The problem becomes even more vexing because the 2008 Heller decision, which proclaimed a constitutional right to private ownership of guns, was based on what Scalia called, the “tradition” of keeping a handgun in the home for self-defense.  In fact, the Court’s Number One Gun Nut invented this so-called tradition out of whole cloth, unless he really believes that a cynical marketing ploy to compensate for the decline in hunting after the 1980s constitutes some kind of traditional belief.  Be that as it may, if you’re going to walk around in the daytime with a concealed weapon and then leave it out on the end-table when you go to sleep at night, you can’t lock it up or lock it away.

And this is where I think Shannon’s ladies and the Brady folks need a message that more clearly distinguishes their notion of safety from the nonsense being peddled by the NRA.  And why do I call the NRA safety message nonsense?  Here’s a quote from the 2011 edition of Home Firearm Safety, a book the NRA has been selling for twenty-five years: “A gun stored primarily for personal protection must be ready for immediate use.  As a general rule, a gun stored for any purpose other than personal protection should never be loaded in the home.”  My italics and thanks a lot.

One week after Sandy Hook, Wayne-o belligerently reminded America that a bad guy with a gun could only be stopped by a good guy with a gun. Which means we need a lot of good guys walking around and lying down to sleep with their loaded, unlocked guns.  Sorry, but that doesn’t sound all that safe to me.

The Be Smart Video On Sets A New Standard On Gun Safety.

This week a new gun safety campaign was launched by Everytown and Moms Demand Action called Be Smart, and you can usually judge the value of such efforts by the degree to which the pro-gun media weighs in on the other side.  They weighed in right away with multiple blogs and, as always, the infantile Breitbart response.  And one of the pro-gun bloggers got it right when she wrote that “allowing the anti-gun side to control the gun safety message is a big mistake.”

Until recently, the pro-gun gallery has owned the issue of gun safety, which they mostly define as keeping guns out of the ‘wrong’ hands, i.e., crooks, creeps and other undesirables who want access to guns for no other reason than to inflict harm.  The NRA has given a new hip-and-cool look to their Eddie Eagle program which has allegedly distributed millions of flyers although it’s unclear whether this effort has had any real impact at all. The NSSF gives away cable locks and has been running a public service campaign with the ATF about the danger of “straw” sales.  They also promote a competitive shooter with instructions for talking about gun safety with children, as if being a competitive shooter gives you the slightest credibility when it comes to knowing how to communicate with kids.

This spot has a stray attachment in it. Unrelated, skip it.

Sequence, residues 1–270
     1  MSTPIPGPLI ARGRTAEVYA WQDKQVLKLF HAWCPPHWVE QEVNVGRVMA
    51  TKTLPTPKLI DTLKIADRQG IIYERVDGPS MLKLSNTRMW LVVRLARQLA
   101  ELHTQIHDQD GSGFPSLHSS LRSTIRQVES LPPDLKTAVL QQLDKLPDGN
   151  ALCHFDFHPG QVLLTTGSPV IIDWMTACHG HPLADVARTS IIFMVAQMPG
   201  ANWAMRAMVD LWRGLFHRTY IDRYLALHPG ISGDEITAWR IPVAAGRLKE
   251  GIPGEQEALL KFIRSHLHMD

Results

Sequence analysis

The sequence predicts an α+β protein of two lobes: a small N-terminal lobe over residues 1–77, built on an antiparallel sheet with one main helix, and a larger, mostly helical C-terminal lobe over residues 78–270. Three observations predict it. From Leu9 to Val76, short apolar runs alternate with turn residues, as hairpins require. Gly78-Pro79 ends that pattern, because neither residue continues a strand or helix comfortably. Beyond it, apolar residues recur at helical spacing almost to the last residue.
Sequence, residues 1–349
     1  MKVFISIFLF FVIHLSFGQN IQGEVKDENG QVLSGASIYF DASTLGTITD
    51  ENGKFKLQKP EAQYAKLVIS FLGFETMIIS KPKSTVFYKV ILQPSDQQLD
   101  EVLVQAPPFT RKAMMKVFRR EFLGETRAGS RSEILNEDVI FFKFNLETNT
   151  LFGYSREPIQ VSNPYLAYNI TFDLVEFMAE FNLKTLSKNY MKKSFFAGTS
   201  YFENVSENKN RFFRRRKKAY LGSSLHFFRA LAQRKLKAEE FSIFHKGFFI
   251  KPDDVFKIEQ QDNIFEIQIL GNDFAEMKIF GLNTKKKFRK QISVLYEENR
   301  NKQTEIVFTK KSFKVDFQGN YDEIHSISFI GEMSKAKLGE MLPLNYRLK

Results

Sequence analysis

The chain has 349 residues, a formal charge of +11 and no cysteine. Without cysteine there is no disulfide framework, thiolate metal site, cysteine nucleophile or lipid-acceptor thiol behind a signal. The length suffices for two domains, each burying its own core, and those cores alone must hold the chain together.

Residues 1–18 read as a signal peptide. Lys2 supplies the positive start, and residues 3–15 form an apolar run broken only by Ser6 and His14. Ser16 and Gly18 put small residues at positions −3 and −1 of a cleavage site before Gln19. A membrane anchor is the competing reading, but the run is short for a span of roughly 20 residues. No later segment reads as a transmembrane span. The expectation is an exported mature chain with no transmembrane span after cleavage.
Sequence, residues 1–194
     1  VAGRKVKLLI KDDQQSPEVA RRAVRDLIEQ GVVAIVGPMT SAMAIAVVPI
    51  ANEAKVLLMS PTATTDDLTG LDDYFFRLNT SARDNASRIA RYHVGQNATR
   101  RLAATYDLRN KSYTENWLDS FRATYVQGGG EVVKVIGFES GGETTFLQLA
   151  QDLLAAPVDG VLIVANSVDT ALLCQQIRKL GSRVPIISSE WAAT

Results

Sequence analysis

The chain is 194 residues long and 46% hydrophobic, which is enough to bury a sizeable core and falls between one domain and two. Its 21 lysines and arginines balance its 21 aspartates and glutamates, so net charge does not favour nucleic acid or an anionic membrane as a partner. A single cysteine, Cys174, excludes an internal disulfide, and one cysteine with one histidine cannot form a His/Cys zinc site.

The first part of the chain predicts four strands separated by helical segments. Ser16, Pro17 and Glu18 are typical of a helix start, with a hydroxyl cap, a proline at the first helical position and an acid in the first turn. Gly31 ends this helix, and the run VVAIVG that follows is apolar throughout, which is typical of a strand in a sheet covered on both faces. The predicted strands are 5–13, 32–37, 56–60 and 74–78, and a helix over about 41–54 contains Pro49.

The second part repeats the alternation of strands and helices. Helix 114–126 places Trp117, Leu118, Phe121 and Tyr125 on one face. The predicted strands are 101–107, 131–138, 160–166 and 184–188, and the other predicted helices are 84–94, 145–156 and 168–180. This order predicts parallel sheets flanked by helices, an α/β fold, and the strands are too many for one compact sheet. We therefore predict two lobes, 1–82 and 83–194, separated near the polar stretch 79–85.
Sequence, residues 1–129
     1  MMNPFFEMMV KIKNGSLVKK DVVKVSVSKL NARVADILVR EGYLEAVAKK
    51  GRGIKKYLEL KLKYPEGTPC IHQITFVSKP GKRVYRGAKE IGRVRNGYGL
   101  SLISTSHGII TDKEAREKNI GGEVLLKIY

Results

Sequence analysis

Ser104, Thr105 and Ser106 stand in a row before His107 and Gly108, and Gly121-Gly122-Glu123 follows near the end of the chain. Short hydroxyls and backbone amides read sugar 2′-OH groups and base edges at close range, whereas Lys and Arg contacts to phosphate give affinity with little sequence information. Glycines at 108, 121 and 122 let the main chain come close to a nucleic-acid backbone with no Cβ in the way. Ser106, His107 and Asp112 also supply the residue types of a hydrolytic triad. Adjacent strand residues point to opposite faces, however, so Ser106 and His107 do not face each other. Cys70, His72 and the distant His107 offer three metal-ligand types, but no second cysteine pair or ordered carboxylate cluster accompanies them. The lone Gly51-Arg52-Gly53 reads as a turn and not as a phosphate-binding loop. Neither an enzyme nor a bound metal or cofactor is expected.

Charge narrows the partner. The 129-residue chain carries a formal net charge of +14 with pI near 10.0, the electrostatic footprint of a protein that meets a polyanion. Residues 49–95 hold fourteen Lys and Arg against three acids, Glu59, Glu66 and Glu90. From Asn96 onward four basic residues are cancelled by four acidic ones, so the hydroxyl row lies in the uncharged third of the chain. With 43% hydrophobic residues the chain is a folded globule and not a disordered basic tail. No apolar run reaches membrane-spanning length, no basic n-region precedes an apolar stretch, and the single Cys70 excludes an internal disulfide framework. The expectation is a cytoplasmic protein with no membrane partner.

melissa                Don’t get me wrong.  I’m not against any of the gun industry’s safety programs.  But opposing background checks for private gun transfers makes it pretty hard to argue that you’re all that worried about criminals and other disqualified individuals getting their hands on guns. The new Be Smart campaign, on the other hand,  goes beyond the usual arguments about gun safety that you get from both sides, and this is what makes it such an interesting and potentially effective effort which the gun folks better not simply deride or ignore.

The centerpiece of the program is a video narrated by Melissa Joan Hart, which for no other reason than she votes Republican makes it difficult for the pro-gun chorus to simply brand her as another liberal, gun-grabbing, Hollywood star.  But aside from the image, what we get are serious comments about issues the gun industry would rather you and I forget.  For example, there’s a very sober message about teen suicide and how much easier it is to commit suicide with a gun. For another, Melissa actually uses the phrase ‘risk factors’ when talking about gun-owning families where there is evidence of mental illness or substance abuse.  The most important comment, however, is when she notes that “kids are naturally curious,” and that a gun is therefore a risk unless it is locked up “one hundred percent of the time.”

I’m really happy to see these issues injected into the gun safety debate and let me break it to you gently:  Melissa’s being perfunctory when she mentions her concern about the 1.7 million kids living in homes where guns are loaded and unlocked.  It’s children living in every home where there is a gun who are at risk, because sooner or later every one of those guns will be left around. If you haven’t figured it out yet, let me break it to you gently:  We are human. We are careless. We forget.

The industry’s approach to gun safety is that they want it both ways.  People should own guns to defend themselves, but the reason guns are touted as the best defense against crime is because of their lethality and nothing else.  Sooner or later, if you are a gun-owner who believes that owning a gun makes you safe, that gun is going to be left out, unsecured and unlocked, which poses a risk to the kids.

I have a suggestion for trigger-heads who  get nervous giving up space in the gun-safety debate to folks who aren’t particularly enamored of guns.  Start talking about gun safety in a realistic way. Stop pretending that guns aren’t a risk just because we “always” lock them up or lock them away.  There’s still only one way to guarantee that you can’t have an accident with a gun.